Memorable Movie Quote: "We're Werewolves, not Swear-Wolves."
Official Site: http://whatwedointheshadows.com/
Release Date:
February 13, 2015
DVD/Blu-ray Release Date:
July 21, 2015
Synopsis: Viago, Deacon, and Vladislav are vampires who are finding that modern life has them struggling with the mundane - like paying rent, keeping up with the chore wheel, trying to get into nightclubs, and overcoming flatmate conflicts.


[tab title="Blu-ray Review"]

What we do in the shadows - Blu-ray Review


Blu-ray Details:

Available on Blu-ray - July 21, 2014
Screen Formats: 1.85:1
: English; English SDH
English: DTS-HD Master Audio 5.1
Discs: 50GB Blu-ray Disc; Single disc (1 BD)
Region Encoding: A

Paramount Home Entertainment releases What We Do in the Shadows on blu-ray with a richly detailed 1080p transfer. Colors are lush even if darkness surrounds the house these “vampires” are residing in. While the lighting – remember that this is “reality” – can be rough and look unprofessional at times, that is part of the artistic direction of the film and should be praised. There are a lot of strong textures that the transfer brings out. Details in the backgrounds don’t go by unnoticed. Black levels are deep and strong and so are the abundance of shadows, always maintaining their edges. The sound is presented here in a rich DTS-HD Master Audio 5.1 lossless soundtrack that is nothing short of penetrating.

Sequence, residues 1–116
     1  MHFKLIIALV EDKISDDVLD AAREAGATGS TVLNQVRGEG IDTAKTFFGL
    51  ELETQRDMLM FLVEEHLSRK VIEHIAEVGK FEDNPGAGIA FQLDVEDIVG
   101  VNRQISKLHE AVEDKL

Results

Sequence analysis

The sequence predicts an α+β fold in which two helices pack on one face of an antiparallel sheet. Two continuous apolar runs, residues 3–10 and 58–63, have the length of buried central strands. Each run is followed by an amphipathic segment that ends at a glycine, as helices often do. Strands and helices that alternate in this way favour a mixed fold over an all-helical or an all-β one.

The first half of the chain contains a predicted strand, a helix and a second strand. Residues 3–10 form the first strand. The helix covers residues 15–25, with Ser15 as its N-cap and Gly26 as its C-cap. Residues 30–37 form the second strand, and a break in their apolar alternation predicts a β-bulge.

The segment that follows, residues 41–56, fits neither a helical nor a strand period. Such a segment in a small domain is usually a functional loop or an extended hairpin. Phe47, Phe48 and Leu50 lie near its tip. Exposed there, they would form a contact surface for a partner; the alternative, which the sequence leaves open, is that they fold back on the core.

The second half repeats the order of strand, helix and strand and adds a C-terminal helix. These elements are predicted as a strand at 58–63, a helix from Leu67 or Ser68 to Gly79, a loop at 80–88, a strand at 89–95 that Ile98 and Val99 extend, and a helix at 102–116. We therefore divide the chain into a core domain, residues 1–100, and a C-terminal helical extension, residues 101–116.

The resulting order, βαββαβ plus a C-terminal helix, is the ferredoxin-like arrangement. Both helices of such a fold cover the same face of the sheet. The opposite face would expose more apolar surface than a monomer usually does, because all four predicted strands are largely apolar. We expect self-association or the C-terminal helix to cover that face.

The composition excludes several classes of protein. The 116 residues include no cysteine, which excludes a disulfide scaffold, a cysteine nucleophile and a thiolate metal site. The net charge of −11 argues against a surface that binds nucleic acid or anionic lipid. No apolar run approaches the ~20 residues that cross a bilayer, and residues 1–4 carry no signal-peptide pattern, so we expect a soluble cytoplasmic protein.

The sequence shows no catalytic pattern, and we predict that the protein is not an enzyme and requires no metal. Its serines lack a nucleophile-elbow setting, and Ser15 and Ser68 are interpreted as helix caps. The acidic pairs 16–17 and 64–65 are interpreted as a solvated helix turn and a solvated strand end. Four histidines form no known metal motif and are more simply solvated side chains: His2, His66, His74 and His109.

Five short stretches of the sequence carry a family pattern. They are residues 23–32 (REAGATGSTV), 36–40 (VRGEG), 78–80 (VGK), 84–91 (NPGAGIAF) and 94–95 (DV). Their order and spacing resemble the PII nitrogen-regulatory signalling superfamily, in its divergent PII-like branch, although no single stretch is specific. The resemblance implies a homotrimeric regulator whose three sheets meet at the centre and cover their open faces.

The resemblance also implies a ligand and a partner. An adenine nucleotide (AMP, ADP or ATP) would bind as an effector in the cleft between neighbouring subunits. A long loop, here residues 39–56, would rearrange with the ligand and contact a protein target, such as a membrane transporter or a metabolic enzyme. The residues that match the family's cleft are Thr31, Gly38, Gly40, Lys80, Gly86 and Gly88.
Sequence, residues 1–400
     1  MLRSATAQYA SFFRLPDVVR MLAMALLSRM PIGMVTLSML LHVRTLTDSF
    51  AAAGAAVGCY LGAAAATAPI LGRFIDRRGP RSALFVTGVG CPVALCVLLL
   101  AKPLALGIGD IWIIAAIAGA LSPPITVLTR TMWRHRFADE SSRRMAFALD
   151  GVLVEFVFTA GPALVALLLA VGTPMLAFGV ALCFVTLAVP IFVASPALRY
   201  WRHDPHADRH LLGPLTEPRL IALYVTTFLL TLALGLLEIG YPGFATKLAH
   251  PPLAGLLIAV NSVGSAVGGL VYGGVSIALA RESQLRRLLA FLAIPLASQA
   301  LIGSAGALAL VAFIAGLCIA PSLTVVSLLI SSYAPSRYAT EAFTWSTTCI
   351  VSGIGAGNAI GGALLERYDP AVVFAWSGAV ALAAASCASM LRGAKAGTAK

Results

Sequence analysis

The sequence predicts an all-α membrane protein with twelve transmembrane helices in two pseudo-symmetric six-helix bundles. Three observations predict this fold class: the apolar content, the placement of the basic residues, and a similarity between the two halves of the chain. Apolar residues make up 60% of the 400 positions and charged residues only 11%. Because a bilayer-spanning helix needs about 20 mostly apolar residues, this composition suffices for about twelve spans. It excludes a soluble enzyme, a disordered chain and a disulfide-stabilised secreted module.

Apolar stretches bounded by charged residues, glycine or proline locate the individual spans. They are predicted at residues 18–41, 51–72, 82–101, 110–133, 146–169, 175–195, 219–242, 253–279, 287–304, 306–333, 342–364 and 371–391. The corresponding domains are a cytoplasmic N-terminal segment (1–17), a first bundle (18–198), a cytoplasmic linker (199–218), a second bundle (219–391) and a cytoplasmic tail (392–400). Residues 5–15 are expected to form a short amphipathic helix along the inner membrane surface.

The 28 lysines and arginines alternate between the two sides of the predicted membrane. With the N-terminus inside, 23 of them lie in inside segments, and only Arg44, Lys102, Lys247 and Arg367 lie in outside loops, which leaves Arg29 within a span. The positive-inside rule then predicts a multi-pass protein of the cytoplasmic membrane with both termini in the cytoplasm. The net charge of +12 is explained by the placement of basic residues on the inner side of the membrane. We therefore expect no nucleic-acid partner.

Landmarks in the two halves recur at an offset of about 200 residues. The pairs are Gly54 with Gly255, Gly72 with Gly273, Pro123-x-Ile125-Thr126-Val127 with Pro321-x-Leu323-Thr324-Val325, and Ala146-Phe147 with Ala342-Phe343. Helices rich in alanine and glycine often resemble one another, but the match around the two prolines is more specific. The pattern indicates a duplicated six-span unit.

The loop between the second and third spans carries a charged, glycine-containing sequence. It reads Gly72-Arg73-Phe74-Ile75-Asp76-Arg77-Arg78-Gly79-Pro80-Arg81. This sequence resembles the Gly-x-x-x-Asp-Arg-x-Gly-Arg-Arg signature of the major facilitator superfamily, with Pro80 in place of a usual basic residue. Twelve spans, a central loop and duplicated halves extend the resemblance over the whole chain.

• Jemaine Clement and Taika Waititi let the film do all of the funny stuff. They don’t really bring humor to their commentary as they talk about the making of the movie.

Special Features:

This one is full of surprises. While it quietly slipped in and out of theaters in its limited run, you wouldn’t have guessed as much from the amount of love Paramount allows here. Up first is a raw collection of bits from behind the scenes, followed by a good assembly of funny deleted scenes. There is also some video bit which includes the original short film that inspired the movie, in-character interviews for the filming of the mockumentary, some promo videos, and a gallery of fifty posters for the film.

  • Behind the Shadows (18 min)
  • Deleted Scenes (25 min)
  • Video Extras (22 min)
  • Original Short Film (27 min)
  • Interviews (18 min)
  • Promo Videos (6 min)
  • Poster Gallery